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Richard III - GRADS

Reviewed by Kate O'Sullivan


GRADS's Summer Shakespeare at the New Fortune has become a staple of the local theatre calendar, and this year's offering, Richard III, is a modern take on the rise and fall of the titular character. Drawing parallels to the modern royal family, we get an insightful discussion of power dynamics in politics and the corruption that can ensue. As is to be expected from director Dr. Melissa Merchant, this is definitely one for the Shakespeare lovers - the plot is clear (even for those who aren't the most familiar with Shakespearean verse), and the relationships are clearly established. Performed in two acts, this is a long evening of theatre coming in at close on 3 hours including a 20(ish) minute interval.

There are some powerful individual performances in this show. Of particular note are Grace Edwards as Queen Elizabeth, an emotional and heart wrenching performance, Kate Elder in the calm power and resignation of the Duchess of York, and Tony Petani as both Clarence and the Lord Mayor, with clear differentiation physically and vocally. Kaitlyn Barry and Madelaine Page embraced their inner children as the Princes of the Tower, and Patrick Downes gives a beautifully varied performance as Buckingham. Alex Comstock gives a solid performance as Richard III, especially in the more paranoid moments, but does at times waver in his power dynamics and physicality - a difficult task when embodying a character with physical limitations that the performer doesn't have themselves. At times some of the minor characters were harder to hear, especially when facing more upstage where the openness of the venue worked against them without good acoustic bounce, but in general the cast worked well as a unit, with swift transitions between scenes and good rapport.

From a technical standpoint, this show took advantage of the large stage of the New Fortune, including the balcony and all the aisles through the audience. This kept the audience connected with the show throughout (with the notable inclusion of some audience interaction), and allowed for some tension, especially in the later scene with Richard III and Elizabeth both teetering on the metaphoric and literal edge. Lighting was effectively used during the balcony scene between Richmond and Darby, but the use of a full stage wash through the majority of the show did remove some of the atmosphere in more intimate moments. The costuming was clear, delineating each character and defining the time period clearly, and assisting the audience to keep track of the different characters of those actors playing multiple roles.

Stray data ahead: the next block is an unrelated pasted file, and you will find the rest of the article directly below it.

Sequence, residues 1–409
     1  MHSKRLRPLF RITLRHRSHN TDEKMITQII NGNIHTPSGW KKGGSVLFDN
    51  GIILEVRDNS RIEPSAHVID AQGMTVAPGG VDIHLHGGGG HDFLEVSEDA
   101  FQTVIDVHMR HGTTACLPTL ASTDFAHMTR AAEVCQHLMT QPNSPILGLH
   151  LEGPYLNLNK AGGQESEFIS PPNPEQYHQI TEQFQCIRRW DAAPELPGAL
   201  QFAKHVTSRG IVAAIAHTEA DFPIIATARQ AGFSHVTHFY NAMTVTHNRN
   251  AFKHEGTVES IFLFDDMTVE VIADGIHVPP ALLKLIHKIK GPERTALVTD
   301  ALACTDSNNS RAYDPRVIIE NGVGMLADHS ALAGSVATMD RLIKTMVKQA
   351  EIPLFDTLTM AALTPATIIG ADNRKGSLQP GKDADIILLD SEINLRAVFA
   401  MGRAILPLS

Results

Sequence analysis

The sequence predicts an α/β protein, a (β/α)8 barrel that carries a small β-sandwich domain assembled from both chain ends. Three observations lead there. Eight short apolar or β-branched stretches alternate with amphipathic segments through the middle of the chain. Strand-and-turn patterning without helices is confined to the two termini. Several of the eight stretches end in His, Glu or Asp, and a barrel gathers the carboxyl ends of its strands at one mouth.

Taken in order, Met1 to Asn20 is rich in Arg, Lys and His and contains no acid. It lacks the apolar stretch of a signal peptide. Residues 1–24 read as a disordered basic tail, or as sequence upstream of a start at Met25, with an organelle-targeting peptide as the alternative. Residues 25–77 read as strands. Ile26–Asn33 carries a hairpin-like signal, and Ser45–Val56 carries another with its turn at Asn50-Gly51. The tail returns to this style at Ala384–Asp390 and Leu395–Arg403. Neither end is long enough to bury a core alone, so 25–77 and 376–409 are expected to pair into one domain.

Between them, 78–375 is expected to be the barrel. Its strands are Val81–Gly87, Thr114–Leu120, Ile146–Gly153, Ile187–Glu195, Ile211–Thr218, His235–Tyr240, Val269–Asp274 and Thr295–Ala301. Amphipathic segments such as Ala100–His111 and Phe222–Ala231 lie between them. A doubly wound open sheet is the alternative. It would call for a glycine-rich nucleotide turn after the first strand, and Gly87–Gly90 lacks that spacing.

There was some interesting use of additional audio through the show as well - the use of the throbbing heart beat effect gave us atmosphere in scene changes that kept the show moving, and the use of voice over rather than on stage spoken lines during the ghost scene was a solid addition. However, due to the location of the speakers in the venue (being low down by the front of the stage), there was a distinct difference between the stage volume and the speaker volume which somewhat took away from the effectiveness of an otherwise excellent idea.

Take the opportunity if you can as the season only runs until the 18th of March, with shows starting at 7.30pm.

Alex Comstock (Richard III) and Grace Edwards (Queen Elizabeth).

Reviewer note: Kate has previously performed with GRADS, and used to work for University Theatres. Tickets for this review were provided by the theatre company.


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